Robert Palmer Was Addicted To My Love

Publié le 29 Juin 2010

Californian blonde Mary Ambrose reveals the strange secret night life of her dead rock star lover

 

The bizarre nocturnal habits of rock star Robert Palmer have been revealed by the stunning blonde who shared his life for the past decade.

Mary Ambrose became the lover of pop's Mr Cool, who died on Friday at the age of 54, after meeting him while she was a waitress in California in the early Nineties.

And, in a frank interview, she has spoken for the first time about their life together, sharing revelations that might shock fans of the immaculately groomed singer.

For while devotees might have expected their slick hero to be spending his nights in fashionable clubs and stylish cocktail bars, the truth was a lot stranger - he would while away the small hours at home making model aircraft.

'He makes remote-control trucks and planes, he builds them himself,' Mary confessed in an interview with The Mail On Sunday just before her lover's death.

'Sometimes he will wake me up in the middle of the night and say, "Mary I have lost a spring from the plane I'm building." I'll say, "I'll find it in the morning," and he'll say, "But I need it now" so I get up and find it.'

And that was not the extent of the Yorkshire-born star's eccentric behaviour.

Despite accumulating an estimated 30 million pound sterling fortune from a 20-year career that included the hits Addicted To Love and Some Guys Have All The Luck, the best gift he could come up with for Mary's 35th birthday was a steam iron.

And she was grateful for it.

Palmer, who died of a suspected heart attack in the early hours of Friday in the Warwick Hotel, off the Champs Elysees in Paris, found love with Mary after his 21-year marriage to ex-wife Sue collapsed in 1991. Until that point, it had been considered one of the strongest in the fickle music world.

The rock star's will could yet be the subject of a bitter legal battle.

While the children from that marriage - James, now 24, and Jane, 23 - are sure to benefit from a sizeable inheritance, it is not clear how his estate will be split between Sue and Mary.

Palmer described his new relationship as 'beyond my dreams' - yet a question mark always hung over their life together: why did they never have children?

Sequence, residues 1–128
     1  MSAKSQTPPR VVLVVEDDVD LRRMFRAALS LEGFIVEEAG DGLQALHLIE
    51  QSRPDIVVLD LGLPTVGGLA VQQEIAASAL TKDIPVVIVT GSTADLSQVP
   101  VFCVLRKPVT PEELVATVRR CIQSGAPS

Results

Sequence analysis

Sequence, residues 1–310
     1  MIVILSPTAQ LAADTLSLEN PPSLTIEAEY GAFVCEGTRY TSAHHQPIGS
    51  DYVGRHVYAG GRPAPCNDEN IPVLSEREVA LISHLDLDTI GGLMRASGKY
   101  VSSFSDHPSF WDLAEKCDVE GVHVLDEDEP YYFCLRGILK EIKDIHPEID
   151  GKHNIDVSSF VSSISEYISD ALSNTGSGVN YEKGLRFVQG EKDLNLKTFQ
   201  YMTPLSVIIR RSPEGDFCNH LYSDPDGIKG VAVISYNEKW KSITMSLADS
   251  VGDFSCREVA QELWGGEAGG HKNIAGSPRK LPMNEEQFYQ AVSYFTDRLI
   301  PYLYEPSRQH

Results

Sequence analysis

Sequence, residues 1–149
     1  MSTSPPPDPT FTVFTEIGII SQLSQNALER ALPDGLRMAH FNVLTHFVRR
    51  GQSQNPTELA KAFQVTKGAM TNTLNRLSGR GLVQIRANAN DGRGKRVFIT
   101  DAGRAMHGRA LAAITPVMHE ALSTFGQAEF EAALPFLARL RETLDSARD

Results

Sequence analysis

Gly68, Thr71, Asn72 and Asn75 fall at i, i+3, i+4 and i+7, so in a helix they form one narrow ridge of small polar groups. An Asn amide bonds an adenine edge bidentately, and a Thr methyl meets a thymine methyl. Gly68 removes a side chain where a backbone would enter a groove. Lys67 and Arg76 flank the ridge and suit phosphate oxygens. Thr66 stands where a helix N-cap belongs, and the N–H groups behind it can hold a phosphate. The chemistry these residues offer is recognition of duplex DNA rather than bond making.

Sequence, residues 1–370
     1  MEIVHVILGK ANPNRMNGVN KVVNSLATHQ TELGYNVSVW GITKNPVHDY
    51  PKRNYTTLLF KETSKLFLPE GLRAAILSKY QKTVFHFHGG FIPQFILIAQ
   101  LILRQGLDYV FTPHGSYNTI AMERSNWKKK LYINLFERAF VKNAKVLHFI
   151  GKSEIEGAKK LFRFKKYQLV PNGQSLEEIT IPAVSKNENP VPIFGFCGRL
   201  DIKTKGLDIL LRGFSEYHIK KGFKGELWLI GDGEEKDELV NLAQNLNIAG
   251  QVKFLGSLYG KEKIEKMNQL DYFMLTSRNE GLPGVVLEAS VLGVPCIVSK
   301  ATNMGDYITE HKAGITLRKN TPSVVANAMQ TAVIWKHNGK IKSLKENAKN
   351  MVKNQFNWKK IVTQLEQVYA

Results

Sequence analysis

'I used to think I wanted children,' Mary said. 'But now I know more about the reality of family life, I think I prefer to be Auntie Mary to my nieces.

And, of course, I am involved with Robert's children, who are just great, so I think I could be fulfilled without having a child of my own.

'If I insisted, if I really pushed him, if I just got pregnant, he wouldn't have a chance. He would go along with it, if it was really what I wanted.' Not that Palmer did believe that children were what Mary wanted.

'She's a hedonist like me,' he said.

'She's the youngest of six children so there isn't any biological clock ticking or some fantasy about babies or anything - she knows what kids involve.

'Besides, I don't think a child should have a father in his 50s. I've been there, done that at the right age, when I was young.

'Would I end the relationship if she was to pressurise me about kids? This is so theoretical as to be ludicrous. She says that I am enough of a kid to look after. I know it's a frivolous remark but it's probably true.' Palmer always described   Mary as the most important thing in his life, 'my reason for living' as he once put it, even though he was not sosure when they first met.

But Mary knew that Palmer - who was 16 years her senior - would be hers from the day she set eyes on him, even though he played hard-to-get.

'When I grew up I was "little Mary from Ohio" with all these fantasies and dreams about meeting my one true soulmate,' she said. 'My mother used to say, "I don't know what you think you are going to get, Mary Frances, but life isn't like that". And I would say, "It is for me."

'I was not going to change my character or compromise on my ideals. I was just expecting my perfect man to come, and he did. Robert and I are so in love and so lucky.

'I was a waitress when he met me, but I was only waitressing so that I could pursue my musical ambitions. I was a classically trained pianist and I was performing with bands.

'I was aware of who he was because my eldest sister loved his music and used to play it to me all the time.